Cherokee Preservation Foundation places special emphasis on initiatives that teach young people critical skills and involve them in developing solutions to regional problems.
The Foundation helped establish the Cherokee Youth Council to give young enrolled members of the Eastern Band of Cherokee Indians the opportunity to make their voices heard on issues that are important to them, serve their community and develop their leadership skills. When young people in the region learned about the success of the Cherokee Youth Council and expressed interest in participating in similar organizations, the Foundation made grants that supported the creation of youth councils in Swain, Graham, Macon and Jackson counties.
When Jackson County Commissioners convened public meetings to help develop land preservation strategies and clarify development opportunities along the Highway 441 corridor between U.S. 74 and Cherokee’s business district, the Foundation funded a component of the project that enabled area middle and high school students to give their opinions and learn how communities get built through a mix of collaboration, physical limitations and regulation.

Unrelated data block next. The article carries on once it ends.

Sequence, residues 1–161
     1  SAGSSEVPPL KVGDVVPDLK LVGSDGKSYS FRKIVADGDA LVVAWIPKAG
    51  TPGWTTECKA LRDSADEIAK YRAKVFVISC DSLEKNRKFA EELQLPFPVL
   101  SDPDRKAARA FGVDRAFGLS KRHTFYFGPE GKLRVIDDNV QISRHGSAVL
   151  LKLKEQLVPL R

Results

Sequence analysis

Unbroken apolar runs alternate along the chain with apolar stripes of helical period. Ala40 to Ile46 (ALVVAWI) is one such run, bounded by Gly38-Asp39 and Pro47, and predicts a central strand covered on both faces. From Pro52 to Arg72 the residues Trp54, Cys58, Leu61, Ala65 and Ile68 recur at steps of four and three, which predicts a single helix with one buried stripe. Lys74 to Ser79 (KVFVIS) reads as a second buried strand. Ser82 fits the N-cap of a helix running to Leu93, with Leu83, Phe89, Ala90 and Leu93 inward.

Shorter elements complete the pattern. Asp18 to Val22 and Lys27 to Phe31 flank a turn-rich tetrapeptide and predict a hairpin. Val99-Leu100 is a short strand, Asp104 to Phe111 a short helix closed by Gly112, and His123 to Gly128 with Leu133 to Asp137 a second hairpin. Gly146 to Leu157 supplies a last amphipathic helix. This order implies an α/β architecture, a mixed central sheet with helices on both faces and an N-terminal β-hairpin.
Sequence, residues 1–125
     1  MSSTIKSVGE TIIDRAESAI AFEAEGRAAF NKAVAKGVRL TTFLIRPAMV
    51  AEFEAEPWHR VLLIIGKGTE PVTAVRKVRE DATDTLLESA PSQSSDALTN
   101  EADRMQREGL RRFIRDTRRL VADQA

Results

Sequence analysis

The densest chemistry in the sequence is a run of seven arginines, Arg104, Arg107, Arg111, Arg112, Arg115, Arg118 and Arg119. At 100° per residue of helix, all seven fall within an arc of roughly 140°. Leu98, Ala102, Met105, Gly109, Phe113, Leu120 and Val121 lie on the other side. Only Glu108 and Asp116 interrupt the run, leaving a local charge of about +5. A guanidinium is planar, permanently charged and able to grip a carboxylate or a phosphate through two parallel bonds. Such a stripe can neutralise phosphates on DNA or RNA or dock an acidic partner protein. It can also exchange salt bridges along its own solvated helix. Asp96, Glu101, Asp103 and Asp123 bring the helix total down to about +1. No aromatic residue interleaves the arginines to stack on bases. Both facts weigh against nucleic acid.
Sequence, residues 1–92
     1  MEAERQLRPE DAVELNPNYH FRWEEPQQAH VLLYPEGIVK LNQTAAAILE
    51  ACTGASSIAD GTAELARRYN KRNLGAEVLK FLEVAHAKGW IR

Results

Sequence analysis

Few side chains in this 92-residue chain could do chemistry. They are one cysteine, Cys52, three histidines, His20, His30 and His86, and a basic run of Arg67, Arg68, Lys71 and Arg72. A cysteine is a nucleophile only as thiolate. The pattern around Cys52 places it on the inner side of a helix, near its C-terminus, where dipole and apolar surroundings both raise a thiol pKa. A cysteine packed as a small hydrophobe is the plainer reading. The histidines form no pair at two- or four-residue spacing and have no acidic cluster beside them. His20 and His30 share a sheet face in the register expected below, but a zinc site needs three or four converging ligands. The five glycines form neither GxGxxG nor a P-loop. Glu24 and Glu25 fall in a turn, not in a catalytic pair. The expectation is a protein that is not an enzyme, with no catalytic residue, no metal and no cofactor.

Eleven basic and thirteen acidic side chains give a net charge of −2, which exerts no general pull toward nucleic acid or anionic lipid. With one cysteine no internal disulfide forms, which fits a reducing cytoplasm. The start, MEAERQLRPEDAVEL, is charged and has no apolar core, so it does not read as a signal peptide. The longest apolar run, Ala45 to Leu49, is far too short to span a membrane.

And Cherokee Preservation Foundation has made the eco-study tour program in Costa Rica it initially developed for tribal youth available to other young people in the region as well. The trips involve cross-cultural experiences such as visits to indigenous communities in Costa Rica, and the exchanges expand the horizons of young people and deepen their appreciation for their own culture.
Cherokee Preservation Foundation will continue to help develop collaborations between the EBCI and our neighbors in the region to address mutual opportunities and concerns.